PHOENIX—Winning on the road is never easy. For Arizona, at least in Pac-12 play, it’s become impossible.
The Wildcats lost 10-6 at rival ASU on Sunday afternoon at Phoenix Municipal Stadium, getting swept by the Sun Devils for the first time since 2019. That was also the last time they lost six in a row in conference play, and like this year those were all on the road.
“We’re getting beat up pretty good on the road,” said UA coach Chip Hale, whose team was swept at UCLA last weekend and has dropped 10 consecutive Pac-12 road games, losing 13 of 14 on the road in league play since starting 6-1 last season. “Obviously (ASU) did a better job. They outcoached us, they outplayed us. That’s just the way it works sometimes. They just were the better team this weekend.”
Arizona pitchers gave up four home runs on Sunday, seven for the series, after coming into the weekend with only 12 homers allowed in 19 games. Hale said it was a combination of leaving pitches up and some sliders hanging, but the conditions also contributed.
“I said this before the series, the team knew this, but this ballpark sits exactly the opposite of Hi Corbett,” he said. “You see the wind blew out all series. They took advantage of it, we couldn’t really take much advantage of it. Chase’s (home run) would have gone out anywhere, out of Yellowstone.”
Chase Davis nuked a 3-run shot over the ASU bullpen in right to put Arizona (13-9, 3-6 Pac-12) up 3-2 in the top of the third inning, but the Sun Devils (16-8, 5-1) came right back with two in the bottom of the frame. They tied it with the first of those four homers, with UA starter Aiden May yielding three in four-plus innings.
The Wildcats tried to mount a late rally, scoring three in the eighth to turn a 10-3 game into a 4-run deficit thanks to a 2-run double from Kiko Romero and a Garen Caulfield sacrifice fly. They had four of their eight hits in that inning, with none in between Davis’ homer and then.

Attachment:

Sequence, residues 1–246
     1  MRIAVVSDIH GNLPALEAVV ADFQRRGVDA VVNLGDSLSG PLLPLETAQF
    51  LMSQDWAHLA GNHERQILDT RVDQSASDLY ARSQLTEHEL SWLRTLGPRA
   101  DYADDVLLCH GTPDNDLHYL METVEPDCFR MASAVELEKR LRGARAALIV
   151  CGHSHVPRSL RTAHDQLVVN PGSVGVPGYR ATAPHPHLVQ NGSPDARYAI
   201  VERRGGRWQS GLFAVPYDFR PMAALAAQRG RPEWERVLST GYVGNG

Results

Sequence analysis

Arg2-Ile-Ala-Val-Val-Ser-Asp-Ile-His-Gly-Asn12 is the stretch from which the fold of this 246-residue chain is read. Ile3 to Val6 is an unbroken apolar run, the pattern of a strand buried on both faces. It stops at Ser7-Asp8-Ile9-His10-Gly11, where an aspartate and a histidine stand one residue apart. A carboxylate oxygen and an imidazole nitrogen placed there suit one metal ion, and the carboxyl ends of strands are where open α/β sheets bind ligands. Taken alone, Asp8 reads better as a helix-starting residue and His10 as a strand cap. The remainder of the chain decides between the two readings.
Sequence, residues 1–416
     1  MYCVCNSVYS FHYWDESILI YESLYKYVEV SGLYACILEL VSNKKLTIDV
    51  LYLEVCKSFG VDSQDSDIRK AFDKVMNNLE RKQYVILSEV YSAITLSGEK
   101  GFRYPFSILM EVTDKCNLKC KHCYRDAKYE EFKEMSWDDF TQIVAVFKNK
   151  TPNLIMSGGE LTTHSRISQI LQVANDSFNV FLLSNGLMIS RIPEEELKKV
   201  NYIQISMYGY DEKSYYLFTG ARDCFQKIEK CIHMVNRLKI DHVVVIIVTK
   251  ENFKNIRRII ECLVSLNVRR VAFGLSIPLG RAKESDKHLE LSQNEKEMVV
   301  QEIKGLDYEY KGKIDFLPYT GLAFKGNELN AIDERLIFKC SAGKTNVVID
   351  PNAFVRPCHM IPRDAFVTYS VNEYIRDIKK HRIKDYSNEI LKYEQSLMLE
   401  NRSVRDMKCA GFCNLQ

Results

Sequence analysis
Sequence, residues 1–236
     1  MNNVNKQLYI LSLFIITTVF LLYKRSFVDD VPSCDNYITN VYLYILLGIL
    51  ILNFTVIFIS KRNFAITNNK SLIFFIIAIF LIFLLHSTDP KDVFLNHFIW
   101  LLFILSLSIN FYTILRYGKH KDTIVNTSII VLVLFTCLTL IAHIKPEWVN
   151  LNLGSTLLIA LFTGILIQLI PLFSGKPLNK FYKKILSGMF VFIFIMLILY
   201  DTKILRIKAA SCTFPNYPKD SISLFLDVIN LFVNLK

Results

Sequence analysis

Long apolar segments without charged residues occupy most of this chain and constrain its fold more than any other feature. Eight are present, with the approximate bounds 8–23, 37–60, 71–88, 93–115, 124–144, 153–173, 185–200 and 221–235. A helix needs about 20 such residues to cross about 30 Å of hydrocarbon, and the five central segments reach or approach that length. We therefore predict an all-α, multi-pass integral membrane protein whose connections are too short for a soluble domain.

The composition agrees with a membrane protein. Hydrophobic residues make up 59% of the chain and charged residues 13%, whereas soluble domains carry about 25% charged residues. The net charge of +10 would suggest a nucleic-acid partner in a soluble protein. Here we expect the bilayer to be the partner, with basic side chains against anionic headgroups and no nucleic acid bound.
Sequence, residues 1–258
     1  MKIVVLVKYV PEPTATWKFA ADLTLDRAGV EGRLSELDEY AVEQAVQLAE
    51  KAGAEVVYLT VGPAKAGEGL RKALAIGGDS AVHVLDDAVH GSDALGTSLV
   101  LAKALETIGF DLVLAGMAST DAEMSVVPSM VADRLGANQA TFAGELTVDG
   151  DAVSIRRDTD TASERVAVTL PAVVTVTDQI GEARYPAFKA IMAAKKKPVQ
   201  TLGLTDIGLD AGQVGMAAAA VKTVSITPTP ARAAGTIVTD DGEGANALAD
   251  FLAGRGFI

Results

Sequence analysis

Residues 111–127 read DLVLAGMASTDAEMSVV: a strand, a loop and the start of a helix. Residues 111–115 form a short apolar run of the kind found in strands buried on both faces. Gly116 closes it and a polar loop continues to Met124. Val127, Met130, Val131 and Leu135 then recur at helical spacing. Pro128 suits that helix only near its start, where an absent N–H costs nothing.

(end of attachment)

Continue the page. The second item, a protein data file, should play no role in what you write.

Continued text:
“What I try to tell all our guys, if we can win more pitches than the other team, we’re probably going to come out on top,” said UA shortstop Nik McClaughry, who was 3 for 4 after entering the day 3 for 33 in Pac-12 play. “I think right now we’re just not winning those big pitches. So I think staying with it and winning as many as you can—if you don’t win one pitch then get to the next pitch and try win that one—I think that’s all we can do.”
After the game, Hale appeared animated when talking to his team huddled around him in left field. He said it didn’t go how you’d think.
“It might sound funny, but I’m very proud of these guys,” Hale said. “They battled their tails off the whole weekend. It’s a tough place to play. I mean, there’s a lot of verbal abuse, and I just think we have a bunch of classy guys. We have to push through and play better, we know that, but I’m very proud of the of the effort they gave.”
While Arizona is 1-6 in true road games this season—it won at Grand Canyon on March 7 during a 9-game win streak—it is 9-2 at Hi Corbett Field, where the next eight contests are scheduled. That starts with a Tuesday visit from Grand Canyon, which was ranked this week, then is followed by Pac-12 series against Oregon and Washington.
Oregon swept the Wildcats in Eugene to end the regular season last year, while Washington just took two of three at UCLA.
“It doesn’t get any easier, whether it’s home or away,” Hale said.
The key to turning things around?
“Find a way to win,” he said. “I don’t care how it is, just find a way to win. Things turn. Baseball turns. When things seem to bleakest a lot, that’s when it’ll turn around and maybe something is going to happen.”
McClaughry said Arizona may have fallen victim this weekend to “playing against the scoreboard,” which he said meant being too mindful of the opponent and not focusing on themselves. He said that wasn’t the case before the recent skid.
“I think we just need to remember how good we were when we won nine straight games,” he said. “We were hitting the ball really good. Pitching was good, defense was good. And I think sometimes we tend to forget that when stuff like this happens. So I think it’s important, especially the younger guys, to remind them that they’re good players and just stay with it. Stuff’s gonna happen. Good stuff’s gonna happen, not just bad stuff.”